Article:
Jo, from LittleFfarm Dairy, wrote this comment after reading the various posts about the injured deer. I thought it a wonderful tale, poignant and thought provoking. I asked if she would mind if I posted it on my front page as I felt it was somewhat hidden as a comment and deserved to be read. She happily agreed. Thanks Jo!
‘I visited a Theravada (Forest Tradition) Buddhist Monastery near Bodh Gaya in India (where the Buddha was said to have attained enlightenment) a few years ago. Whilst there a deer suddenly burst out from a thicket of trees at the edge of the forest, hotly pursued by an excited dog. The monks watched impassively as we stared in horror at the inevitability that the dog would surely bring down the young deer….
…..and then, extraordinarily, just as it seemed the dog would make his move, the deer pirouetted abruptly and started chasing the dog! The pair ran into the central compound of the Monastery around which a modest cluster of Kutis (living quarters) and a Meditation Hall were grouped, the only other sound the regular swish-swish-swish of a broom as a young novice deftly flicked dust from the warm courtyard floor, not even raising his eyes as the clatter of cloven hooves and the patter of paws puffed up fresh clouds of dust, deep in the meditation of his task. The dog flopped to the floor, tongue lolling, and rolled onto his back. The deer danced up for a second, pawed tentatively at the dog, and then flopped down companionably, beside his unlikely friend.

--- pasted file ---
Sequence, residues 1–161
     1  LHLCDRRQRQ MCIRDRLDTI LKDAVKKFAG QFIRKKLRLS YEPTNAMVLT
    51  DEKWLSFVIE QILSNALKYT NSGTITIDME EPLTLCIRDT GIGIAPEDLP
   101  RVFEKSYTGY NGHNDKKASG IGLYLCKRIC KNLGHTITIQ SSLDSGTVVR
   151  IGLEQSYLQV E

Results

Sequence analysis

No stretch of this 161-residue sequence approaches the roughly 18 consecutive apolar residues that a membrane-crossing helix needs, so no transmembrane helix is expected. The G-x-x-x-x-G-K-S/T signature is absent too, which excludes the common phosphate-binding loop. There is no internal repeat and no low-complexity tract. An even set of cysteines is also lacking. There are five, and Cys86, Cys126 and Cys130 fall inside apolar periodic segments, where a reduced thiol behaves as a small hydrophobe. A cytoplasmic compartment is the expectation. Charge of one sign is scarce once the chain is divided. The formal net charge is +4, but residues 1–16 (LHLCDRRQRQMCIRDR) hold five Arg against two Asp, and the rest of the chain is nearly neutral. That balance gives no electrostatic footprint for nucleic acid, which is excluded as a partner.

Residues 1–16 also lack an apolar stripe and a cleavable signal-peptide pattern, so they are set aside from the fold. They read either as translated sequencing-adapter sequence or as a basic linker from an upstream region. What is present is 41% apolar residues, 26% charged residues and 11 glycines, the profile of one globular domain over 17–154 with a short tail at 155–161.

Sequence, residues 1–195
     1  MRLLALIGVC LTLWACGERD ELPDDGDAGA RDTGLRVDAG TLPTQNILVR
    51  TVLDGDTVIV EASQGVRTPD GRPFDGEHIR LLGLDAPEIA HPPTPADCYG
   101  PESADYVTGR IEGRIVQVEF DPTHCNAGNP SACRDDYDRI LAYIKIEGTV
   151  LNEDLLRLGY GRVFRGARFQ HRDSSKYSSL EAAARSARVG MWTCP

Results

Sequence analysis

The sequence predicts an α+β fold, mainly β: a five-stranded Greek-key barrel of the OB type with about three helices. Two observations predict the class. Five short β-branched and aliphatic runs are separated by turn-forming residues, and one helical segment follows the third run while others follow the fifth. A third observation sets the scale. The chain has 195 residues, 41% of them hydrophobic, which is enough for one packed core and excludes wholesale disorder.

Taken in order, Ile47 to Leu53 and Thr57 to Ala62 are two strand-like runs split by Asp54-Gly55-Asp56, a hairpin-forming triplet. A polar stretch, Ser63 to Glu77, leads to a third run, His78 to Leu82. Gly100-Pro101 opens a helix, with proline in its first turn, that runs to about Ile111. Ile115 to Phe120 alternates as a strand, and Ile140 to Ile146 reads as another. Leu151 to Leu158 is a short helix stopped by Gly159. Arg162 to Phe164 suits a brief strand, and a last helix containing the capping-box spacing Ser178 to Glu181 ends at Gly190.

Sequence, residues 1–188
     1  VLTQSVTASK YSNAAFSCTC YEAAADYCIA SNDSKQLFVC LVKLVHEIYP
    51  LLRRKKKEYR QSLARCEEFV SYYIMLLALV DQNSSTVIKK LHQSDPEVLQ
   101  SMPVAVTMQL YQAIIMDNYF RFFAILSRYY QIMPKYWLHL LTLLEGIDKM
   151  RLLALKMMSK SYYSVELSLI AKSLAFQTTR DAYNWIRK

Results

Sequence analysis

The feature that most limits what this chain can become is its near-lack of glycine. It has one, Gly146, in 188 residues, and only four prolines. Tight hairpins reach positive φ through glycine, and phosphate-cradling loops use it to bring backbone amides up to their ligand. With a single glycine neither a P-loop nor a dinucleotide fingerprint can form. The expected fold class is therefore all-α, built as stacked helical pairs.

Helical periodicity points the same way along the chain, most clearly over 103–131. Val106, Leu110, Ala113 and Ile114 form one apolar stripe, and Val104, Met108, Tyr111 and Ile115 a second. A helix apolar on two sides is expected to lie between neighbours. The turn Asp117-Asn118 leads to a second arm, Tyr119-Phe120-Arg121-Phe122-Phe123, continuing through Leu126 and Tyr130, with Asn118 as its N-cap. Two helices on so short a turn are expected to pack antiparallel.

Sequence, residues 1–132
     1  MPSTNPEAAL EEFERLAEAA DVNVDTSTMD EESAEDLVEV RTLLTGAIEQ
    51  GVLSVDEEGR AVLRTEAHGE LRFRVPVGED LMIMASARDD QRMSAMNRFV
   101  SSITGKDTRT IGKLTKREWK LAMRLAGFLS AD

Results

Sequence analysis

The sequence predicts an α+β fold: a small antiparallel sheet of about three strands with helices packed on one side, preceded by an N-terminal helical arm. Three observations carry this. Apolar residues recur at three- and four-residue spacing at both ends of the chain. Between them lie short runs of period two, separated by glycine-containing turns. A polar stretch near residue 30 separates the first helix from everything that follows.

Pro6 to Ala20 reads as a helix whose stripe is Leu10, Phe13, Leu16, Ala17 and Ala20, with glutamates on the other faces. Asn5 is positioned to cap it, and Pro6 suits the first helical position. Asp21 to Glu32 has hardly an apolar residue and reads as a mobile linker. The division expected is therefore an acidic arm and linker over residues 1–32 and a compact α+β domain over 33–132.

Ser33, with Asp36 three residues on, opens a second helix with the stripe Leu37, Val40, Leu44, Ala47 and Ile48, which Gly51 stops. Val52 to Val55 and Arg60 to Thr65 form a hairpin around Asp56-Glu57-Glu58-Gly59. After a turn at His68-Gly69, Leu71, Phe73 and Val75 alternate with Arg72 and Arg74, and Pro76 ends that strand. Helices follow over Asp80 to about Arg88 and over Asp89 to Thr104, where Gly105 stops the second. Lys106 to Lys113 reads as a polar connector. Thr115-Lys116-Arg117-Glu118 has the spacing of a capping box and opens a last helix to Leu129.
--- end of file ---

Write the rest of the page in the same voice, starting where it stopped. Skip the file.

We were dumbfounded; the monks, mildly amused. The monks radiated serenity, especially the Abbot who as we soon learned, was accompanied everywhere by the dog and the deer; themselves inseparable companions. The Abbot explained this was a place where no living being need fear another; all was harmony. Even the mosquitoes seemed subdued! It certainly was an incredible, unforgettable place: an oasis of calm and compassion, deep in the quiet forest.
I often think of that beautiful young deer and his canine companion, seeing them as a beacon of hope, that nothing is impossible; and that true peace can exist.
When all around me seems turbulent and chaotic, I close my eyes and take myself back to that aura of peace; and all is well.’
Jo and her husband Tony left high profile careers in the RAF to pursue a dream. After many ups and downs they now successfully run a herd of dairy British Toggenburg goats and make wonderful ice cream. They have just been awarded a Great Taste Gold Award for their Lovespoon Honeycomb Gelato – as Jo says ‘Not bad for their first year in business!’ To find out more about their struggles and successes follow LittleFfarm Dairy.